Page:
There is no test doctors can use to conclusively determine whether someone will get Alzheimer’s disease. “If you are in your 20s or 30s and want to know if you will get the disease, we don’t have information to determine that now,” said Heather Snyder, director of medical and scientific operations at the Alzheimer’s Association.

One thing everyone agrees on: There are a lot of unknowns when it comes to Alzheimer’s disease. “We don’t know the exact cause of Alzheimer’s, we have hints and some pieces of information,” Snyder said. One thing that is known, if you have a first-degree relative, such as a parent or sibling, with the disease, you are at an increased risk. “But that is by no means definitive that you will get the disease,” she said.

Snyder also points out that Alzheimer’s is the sixth leading cause of death in the United States and, she said, “the only one in the top 10 that we don’t have a way to stop or slow or prevent.”

That could be on the verge of changing. Doctors at three U.S. medical centers are gathering as much information as they can about patients and using it to give them an early intervention plan to slow or prevent the disease, even though it’s not known whether the patient will actually get it.

Personal and professional

…In Los Angeles, Dr. Dean Sherzai is also personally invested in the disease. His aunt died earlier this month from Alzheimer’s and he has lost three grandparents to the disease. This propelled him to the helm of the Alzheimer’s Prevention Program at Cedars Sinai.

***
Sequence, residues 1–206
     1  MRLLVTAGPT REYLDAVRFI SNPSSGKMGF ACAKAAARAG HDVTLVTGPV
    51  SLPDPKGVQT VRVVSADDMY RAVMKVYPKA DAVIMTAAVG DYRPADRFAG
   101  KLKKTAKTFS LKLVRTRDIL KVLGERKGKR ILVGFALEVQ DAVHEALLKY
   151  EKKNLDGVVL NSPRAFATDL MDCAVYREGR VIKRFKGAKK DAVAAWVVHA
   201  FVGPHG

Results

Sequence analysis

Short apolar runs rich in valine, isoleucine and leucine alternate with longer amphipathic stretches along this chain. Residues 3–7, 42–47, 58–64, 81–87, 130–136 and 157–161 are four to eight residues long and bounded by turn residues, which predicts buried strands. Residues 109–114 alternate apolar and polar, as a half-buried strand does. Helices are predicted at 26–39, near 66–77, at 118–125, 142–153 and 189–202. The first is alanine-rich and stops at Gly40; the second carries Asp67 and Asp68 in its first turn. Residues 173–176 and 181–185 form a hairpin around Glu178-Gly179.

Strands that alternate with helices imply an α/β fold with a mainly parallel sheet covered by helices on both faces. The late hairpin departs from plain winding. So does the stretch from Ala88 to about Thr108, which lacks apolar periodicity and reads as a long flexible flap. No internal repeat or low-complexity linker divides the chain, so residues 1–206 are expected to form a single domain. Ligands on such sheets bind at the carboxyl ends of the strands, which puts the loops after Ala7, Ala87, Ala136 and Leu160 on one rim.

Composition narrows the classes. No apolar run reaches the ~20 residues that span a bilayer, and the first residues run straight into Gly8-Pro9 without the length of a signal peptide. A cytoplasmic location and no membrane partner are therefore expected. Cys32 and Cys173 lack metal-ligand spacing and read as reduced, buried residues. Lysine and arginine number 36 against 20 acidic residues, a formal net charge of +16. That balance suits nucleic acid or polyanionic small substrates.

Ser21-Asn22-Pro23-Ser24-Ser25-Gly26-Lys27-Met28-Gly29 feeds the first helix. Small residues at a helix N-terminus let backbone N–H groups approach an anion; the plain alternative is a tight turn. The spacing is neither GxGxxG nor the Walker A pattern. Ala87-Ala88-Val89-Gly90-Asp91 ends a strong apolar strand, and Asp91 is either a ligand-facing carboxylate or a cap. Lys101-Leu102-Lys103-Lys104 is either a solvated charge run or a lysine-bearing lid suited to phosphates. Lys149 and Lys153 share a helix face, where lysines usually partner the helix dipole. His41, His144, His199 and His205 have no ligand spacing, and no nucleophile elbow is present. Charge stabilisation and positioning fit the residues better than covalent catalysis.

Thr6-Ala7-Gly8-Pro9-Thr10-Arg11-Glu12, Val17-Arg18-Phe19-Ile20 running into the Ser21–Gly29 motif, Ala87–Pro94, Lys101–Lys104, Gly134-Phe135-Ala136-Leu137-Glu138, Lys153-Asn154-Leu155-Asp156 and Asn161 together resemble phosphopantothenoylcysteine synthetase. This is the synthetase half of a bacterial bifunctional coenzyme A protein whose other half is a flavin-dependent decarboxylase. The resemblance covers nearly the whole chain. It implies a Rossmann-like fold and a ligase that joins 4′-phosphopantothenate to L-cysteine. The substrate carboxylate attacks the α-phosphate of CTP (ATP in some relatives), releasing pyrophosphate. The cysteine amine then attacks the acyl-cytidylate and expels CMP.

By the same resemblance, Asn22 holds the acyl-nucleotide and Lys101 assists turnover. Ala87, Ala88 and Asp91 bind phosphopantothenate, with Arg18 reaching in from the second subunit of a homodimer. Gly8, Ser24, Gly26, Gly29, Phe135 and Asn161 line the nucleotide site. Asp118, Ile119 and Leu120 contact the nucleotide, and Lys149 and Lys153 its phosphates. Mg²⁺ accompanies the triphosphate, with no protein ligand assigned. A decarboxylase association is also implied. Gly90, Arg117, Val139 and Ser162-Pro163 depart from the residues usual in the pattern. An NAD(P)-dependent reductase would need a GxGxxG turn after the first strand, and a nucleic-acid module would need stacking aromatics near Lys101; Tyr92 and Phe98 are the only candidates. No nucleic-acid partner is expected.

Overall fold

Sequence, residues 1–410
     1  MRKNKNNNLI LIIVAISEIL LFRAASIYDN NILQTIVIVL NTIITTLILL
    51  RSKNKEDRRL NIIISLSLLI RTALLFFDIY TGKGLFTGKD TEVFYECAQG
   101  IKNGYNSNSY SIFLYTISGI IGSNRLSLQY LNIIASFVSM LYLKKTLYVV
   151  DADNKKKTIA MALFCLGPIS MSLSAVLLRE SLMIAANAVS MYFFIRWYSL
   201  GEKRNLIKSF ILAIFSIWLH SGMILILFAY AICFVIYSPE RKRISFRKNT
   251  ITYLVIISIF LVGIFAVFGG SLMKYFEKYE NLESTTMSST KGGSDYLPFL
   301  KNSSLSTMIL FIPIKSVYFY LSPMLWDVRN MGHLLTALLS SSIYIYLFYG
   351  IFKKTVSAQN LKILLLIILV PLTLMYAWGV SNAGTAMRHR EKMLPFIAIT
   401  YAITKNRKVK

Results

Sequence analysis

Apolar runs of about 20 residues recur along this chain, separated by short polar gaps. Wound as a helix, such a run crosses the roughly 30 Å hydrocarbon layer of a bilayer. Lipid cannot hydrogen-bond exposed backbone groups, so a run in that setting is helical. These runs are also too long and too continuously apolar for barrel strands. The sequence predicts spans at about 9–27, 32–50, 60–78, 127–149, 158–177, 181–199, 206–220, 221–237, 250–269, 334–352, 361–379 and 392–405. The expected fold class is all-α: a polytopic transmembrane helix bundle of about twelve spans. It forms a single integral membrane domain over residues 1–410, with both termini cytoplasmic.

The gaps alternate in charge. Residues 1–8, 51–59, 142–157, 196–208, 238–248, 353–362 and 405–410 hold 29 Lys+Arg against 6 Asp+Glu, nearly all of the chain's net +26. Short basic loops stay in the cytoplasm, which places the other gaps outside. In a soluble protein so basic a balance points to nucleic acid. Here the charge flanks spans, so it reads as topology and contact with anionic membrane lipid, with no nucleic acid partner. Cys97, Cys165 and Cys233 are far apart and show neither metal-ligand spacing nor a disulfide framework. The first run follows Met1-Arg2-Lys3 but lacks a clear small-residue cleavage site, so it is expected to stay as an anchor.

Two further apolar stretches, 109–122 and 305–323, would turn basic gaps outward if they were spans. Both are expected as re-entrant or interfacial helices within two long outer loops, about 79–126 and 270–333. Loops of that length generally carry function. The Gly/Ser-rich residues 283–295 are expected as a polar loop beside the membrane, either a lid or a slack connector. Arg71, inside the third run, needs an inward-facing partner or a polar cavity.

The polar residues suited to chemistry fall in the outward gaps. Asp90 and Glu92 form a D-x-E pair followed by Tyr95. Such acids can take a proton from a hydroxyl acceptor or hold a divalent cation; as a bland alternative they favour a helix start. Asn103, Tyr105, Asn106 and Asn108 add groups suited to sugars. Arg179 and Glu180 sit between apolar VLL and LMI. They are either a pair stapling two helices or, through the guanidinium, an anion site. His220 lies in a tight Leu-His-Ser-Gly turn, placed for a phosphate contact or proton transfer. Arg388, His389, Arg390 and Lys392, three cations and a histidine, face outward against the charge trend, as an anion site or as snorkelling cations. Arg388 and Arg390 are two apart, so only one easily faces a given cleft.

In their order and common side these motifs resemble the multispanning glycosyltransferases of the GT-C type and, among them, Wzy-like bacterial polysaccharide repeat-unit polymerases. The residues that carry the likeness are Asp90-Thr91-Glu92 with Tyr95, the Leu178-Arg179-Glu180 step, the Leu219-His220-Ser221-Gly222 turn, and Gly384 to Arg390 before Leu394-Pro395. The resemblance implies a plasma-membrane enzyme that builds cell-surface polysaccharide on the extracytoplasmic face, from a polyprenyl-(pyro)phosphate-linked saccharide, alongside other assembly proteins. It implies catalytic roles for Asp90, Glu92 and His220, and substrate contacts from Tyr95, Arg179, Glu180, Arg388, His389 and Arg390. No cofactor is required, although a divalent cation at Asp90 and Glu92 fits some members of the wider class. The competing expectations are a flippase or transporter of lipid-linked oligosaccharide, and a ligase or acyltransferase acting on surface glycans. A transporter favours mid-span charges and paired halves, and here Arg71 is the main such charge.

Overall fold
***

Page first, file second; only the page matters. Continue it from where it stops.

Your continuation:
Patients are assessed by genetic factors, blood tests and imaging (using a retinal scanner to look for amyloid protein accumulation in the eye). The focus is on lifestyle (i.e. music exposure, word games), nutrition, physical activity and socialization. These measures have shown that they can delay the progression of the disease.

Sherzai is also doing research treating patients early with a diabetes drug to target insulin resistance in the brain, and an inflammatory drug used to treat multiple sclerosis. Early intervention is key. “I think we fail good studies because we are doing it too late,” he said.

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